Amylase is found in several tissues, most notably the pancreas and the salivary glands. The finding of elevated serum amylase levels most commonly reflects pancreatic inflammation or injury. However, hyperamylasemia can result from several other acute abdominal events, such as intestinal perforation, ischemia, or infarction. Other well-recognized causes of elevated serum amylase levels include salivary gland disorders; tumors such as ovarian and lung carcinomas; renal failure, which causes reduced amylase clearance; and macroamylasemia.3 In most of these conditions, the amylase level is only moderately elevated.4 Whether the level of hyperamylasemia can be relied on to differentiate between pancreatitis and other disorders has been a matter of controversy. In general, however, when the clinical circumstances are suggestive of pancreatitis, a cutoff point of more than 3 times the upper normal amylase value has been shown to be highly specific for pancreatic inflammation.4,5 Measurement of lipase levels, pancreatic isoenzymes of amylase, and urine excretion of amylase are additional biochemical aids to diagnosis.3 Gastroenteritis is generally not considered a cause of hyperamylasemia and is not mentioned in the differential diagnosis of hyperamylasemia in standard gastroenterological or surgical textbooks.6,7 Our study shows for the first time, to our knowledge, that a substantial number (about 7.4% in our series) of patients with gastroenteritis have a mild to moderate increase in serum amylase levels. In all 13 patients who were examined within a month after the gastroenteritis episode, amylase levels were found to be normal, showing the temporal association between gastroenteritis and hyperamylasemia. The fact that amylase values in our series did not exceed 2.2 times the upper normal value should be interpreted cautiously, as inclusion of patients in this retrospective study was based on emergency department diagnosis of acute gastroenteritis. Thus, it could be assumed that some patients with gastroenteritis and higher amylase levels were not diagnosed by the emergency department physician as having acute gastroenteritis but rather as having suspected pancreatitis, and were therefore not included in this study population. However, such misrepresentation is unlikely in light of our finding that in none of the 84 patients admitted during the study period with suspected pancreatitis was the diagnosis changed to gastroenteritis at discharge.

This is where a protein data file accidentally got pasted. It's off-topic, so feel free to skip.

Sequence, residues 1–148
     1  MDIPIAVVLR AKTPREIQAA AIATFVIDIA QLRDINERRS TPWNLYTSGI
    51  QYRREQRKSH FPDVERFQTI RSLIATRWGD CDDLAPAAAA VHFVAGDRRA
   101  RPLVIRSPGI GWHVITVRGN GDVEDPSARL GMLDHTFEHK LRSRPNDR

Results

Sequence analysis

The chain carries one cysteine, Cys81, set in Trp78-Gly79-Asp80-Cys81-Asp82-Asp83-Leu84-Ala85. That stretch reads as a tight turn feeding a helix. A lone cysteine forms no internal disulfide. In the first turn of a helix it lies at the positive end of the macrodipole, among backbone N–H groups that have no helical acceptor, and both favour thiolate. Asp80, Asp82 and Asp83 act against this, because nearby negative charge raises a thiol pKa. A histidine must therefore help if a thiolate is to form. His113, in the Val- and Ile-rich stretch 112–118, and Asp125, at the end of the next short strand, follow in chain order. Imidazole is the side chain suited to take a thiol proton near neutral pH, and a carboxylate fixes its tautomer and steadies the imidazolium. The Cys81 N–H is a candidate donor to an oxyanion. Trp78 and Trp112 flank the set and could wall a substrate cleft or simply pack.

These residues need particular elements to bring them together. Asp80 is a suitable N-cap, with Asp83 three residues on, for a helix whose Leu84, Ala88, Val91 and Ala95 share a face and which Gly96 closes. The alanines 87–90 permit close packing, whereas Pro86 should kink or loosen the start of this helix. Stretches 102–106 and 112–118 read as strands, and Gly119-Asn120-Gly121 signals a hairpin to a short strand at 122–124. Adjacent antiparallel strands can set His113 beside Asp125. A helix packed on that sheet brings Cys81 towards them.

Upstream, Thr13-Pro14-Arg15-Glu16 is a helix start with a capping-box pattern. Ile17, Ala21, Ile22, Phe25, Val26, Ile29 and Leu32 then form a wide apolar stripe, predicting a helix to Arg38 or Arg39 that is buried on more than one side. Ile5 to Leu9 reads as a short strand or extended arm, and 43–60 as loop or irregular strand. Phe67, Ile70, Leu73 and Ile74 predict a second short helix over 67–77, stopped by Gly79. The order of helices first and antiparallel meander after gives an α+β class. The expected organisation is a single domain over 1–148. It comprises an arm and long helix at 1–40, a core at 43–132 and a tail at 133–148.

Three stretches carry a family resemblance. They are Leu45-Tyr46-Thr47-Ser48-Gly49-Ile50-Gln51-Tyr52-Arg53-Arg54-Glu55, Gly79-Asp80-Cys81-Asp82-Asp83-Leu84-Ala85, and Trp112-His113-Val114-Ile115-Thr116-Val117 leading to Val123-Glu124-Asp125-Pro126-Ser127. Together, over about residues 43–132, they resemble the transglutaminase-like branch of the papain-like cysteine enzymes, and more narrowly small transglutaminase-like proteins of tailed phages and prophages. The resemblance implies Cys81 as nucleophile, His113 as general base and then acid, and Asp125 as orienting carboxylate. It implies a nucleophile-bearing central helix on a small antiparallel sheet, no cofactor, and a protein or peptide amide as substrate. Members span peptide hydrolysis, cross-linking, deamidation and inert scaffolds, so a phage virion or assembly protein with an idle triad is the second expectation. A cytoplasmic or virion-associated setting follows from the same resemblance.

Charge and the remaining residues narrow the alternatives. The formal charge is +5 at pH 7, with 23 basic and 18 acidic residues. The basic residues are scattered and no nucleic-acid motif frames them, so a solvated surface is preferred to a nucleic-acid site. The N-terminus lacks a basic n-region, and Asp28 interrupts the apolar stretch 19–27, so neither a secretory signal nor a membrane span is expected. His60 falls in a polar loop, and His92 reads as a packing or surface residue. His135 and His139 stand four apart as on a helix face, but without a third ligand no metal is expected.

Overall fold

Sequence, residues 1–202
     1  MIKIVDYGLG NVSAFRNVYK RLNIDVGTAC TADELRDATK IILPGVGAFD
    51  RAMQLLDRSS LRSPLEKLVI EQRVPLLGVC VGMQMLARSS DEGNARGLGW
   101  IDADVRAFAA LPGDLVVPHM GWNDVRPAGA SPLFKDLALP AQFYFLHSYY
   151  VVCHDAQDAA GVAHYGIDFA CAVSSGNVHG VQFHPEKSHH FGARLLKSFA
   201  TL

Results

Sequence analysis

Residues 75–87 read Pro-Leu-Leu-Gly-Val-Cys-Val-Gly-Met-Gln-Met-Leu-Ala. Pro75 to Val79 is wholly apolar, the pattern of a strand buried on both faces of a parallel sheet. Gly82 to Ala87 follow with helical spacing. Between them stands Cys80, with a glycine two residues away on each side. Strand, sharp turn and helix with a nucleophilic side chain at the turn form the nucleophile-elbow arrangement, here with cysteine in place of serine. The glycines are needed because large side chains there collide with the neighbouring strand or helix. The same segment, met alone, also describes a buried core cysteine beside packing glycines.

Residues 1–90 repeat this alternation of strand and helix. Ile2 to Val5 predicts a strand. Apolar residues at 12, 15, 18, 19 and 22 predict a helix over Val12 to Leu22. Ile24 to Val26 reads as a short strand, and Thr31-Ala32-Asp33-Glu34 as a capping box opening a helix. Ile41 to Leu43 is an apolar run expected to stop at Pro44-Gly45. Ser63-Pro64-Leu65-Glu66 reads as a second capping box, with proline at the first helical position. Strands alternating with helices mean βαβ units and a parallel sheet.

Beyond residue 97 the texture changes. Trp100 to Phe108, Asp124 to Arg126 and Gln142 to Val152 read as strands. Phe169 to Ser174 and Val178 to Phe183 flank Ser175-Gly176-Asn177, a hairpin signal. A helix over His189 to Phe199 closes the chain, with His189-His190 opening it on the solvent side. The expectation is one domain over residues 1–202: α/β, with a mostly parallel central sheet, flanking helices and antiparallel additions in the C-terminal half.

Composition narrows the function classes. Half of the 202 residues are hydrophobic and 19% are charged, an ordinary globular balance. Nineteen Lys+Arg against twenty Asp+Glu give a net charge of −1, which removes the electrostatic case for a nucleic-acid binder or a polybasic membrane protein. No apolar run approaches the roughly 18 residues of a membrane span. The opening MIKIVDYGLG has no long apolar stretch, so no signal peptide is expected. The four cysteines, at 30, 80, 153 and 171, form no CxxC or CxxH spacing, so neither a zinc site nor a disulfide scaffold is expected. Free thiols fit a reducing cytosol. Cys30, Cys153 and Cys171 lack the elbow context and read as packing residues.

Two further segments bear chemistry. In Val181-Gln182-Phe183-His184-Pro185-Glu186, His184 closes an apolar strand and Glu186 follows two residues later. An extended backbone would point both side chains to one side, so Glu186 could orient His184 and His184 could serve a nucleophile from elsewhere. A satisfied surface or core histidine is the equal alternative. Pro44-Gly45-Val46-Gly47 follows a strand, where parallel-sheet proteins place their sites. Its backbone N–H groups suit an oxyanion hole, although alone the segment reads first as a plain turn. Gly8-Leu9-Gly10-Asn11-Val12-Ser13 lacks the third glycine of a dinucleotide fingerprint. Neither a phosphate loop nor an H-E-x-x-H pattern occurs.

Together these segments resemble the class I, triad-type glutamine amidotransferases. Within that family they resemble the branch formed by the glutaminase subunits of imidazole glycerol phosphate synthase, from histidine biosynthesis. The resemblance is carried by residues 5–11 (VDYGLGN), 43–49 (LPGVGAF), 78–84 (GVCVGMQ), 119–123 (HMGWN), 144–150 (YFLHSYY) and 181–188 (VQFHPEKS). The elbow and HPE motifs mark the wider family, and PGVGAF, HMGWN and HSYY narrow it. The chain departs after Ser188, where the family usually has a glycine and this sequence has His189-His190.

The pathogenesis of hyperamylasemia in our patients is not clear. One possible cause of elevated amylase values in these patients is direct involvement of the pancreas in the infectious inflammatory process that affected the intestine. There are several reports suggesting pancreatic damage during infectious gastroenteritis. In a prospective study of 188 patients with Campylobacter jejuni enteritis, Pitkanen et al8 reported a rate of 6% of complicating pancreatitis as determined by elevation of amylase and lipase levels. However, lipase levels were not measured in all patients; the degree of elevated amylase levels at which pancreatitis was diagnosed was not specified; and imaging studies were not reported to have been performed. In another prospective study of 47 patients with Salmonella enteritis, 62% of patients were diagnosed as having concurrent pancreatitis based on elevated amylase and lipase levels.9 However, in a prospective study of 147 cases of acute gastroenteritis, in which Salmonella was the causative agent in 51 patients and Campylobacter in 22, there were no cases of pancreatitis.10 Mild elevation of amylase levels was found in only 4 patients, 1 with Salmonella and none with Campylobacter.10 These conflicting results have led to a dispute regarding the incidence of pancreatitis in infectious gastroenteritis.11 Only a few case reports adequately document the concomitant occurrence of pancreatitis with infectious gastroenteritis through detailed clinical course and an elevation of amylase and/or lipase levels of more than 3 times the normal values, along with imaging studies.12- 15 Altogether, only 4 patients have been so described: 2 with Campylobacter enteritis, 1 with typhoid, and 2 with rotavirus.12- 15 While the postulated mechanism is direct invasion of pancreatic parenchyma by the pathogen,9 no proof by direct tissue visualization or cultivation of pathogen has been available so far.